If the 2015 class is truly outstanding when it comes to offensive linemen, that could encourage the Rams to hold off in Round 1 and wait for some of the less costly Day 2 gems.
The current regime seems to draft the best player available regardless of need, so there's no reason to believe that will end in 2015.
If a very intriguing prospect at a less desperate position falls to St. Louis, such as Alabama receiver Amari Cooper, it's unlikely that the Rams will pass up the opportunity.
Multiple Trades Are Inevitable
At this point, wheeling and dealing on draft day is not simply a habit for Snead. It's an addiction.
It started with the blockbuster Robert Griffin III trade of 2012, followed by trading up in the first round to grab Tavon Austin in 2013, followed by trading up in the second round to draft Lamarcus Joyner in 2014, along with a number of lesser draft-day trades over the past three years.
It's safe to say that every St. Louis pick—including the No. 10 selection—is 100 percent for sale.
The Rams might not impress us with a blockbuster trade, but some clever moves and negotiations will undoubtedly take place.
Running Backs and Defensive Backs Will Be Targeted
Neither the offensive backfield nor the secondary is in need of desperate help. Both areas have reasonably competent starters in place along with decent depth.
However, that's not to say neither position can be upgraded. In fact, the current regime has been more than willing to heavily address both areas in the draft.
Under Fisher and Snead, eight of the team's 28 draft picks have been used on defensive backs, and four of those 28 picks have been used on running backs. The Rams have drafted a running back in every draft since Fisher took over.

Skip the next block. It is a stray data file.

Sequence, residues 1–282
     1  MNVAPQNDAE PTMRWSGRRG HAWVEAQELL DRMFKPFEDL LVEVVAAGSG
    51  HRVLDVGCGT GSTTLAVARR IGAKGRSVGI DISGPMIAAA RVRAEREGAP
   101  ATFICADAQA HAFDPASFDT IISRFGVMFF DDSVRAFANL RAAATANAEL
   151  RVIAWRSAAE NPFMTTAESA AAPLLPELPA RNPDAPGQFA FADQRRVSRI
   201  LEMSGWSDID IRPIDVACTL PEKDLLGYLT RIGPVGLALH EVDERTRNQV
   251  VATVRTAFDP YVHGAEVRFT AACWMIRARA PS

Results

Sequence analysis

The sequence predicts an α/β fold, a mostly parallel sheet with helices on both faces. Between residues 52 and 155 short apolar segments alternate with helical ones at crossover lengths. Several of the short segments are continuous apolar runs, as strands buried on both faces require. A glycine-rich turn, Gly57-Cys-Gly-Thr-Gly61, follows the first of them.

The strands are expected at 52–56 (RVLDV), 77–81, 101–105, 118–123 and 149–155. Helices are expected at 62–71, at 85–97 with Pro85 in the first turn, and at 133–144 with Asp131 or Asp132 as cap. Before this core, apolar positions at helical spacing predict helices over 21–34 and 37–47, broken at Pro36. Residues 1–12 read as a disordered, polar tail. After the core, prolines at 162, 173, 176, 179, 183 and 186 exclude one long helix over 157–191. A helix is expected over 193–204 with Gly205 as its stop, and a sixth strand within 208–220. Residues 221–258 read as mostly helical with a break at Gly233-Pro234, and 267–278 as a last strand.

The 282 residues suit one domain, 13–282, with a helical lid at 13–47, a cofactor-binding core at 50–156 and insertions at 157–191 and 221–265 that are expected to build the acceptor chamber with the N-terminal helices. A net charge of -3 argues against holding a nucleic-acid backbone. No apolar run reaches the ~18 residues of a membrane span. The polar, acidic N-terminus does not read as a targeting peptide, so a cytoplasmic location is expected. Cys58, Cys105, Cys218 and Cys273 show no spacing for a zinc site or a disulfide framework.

Running back Zac Stacy had a remarkable rookie campaign in 2013. The fifth-round pick had over 1,000 yards from scrimmage and over 900 rushing yards, despite having just one carry in the first four games of that 2013 season.
After Stacy's impressive debut season, it seemed logical that the Rams would carry on with Stacy as the long-term starter. But that assumption didn't stop St. Louis from drafting Tre Mason in the third round a year ago, and now he's viewed as the long-term starter over Stacy.
With two capable every-down backs on the roster, perhaps St. Louis is done with the position. But given Fisher's desire to run the football, it wouldn't be wise to bet on it.
As far as the secondary goes, the talent is there. Janoris Jenkins, Trumaine Johnson and E.J. Gaines are competent starters at cornerback, while T.J. McDonald, Rodney McLeod and Mark Barron have all flashed potential at safety.
However, despite the available talent, the secondary has not yet clicked. Opposing quarterbacks were able to pass on the Rams far too easily last season, and that was a major reason for the team's early sack drought.
The Rams can survive with the current members of the secondary, but that's not to say the unit cannot be upgraded. And since the team has drafted numerous defensive backs in the past, it's only reasonable to expect the same in 2015.
Steven Gerwel is the longest-tenured Rams Featured Columnist at Bleacher Report and served as the Rams' game-day correspondent in 2014. You can find more of Gerwel's work by visiting his writer profile or by following him on Twitter.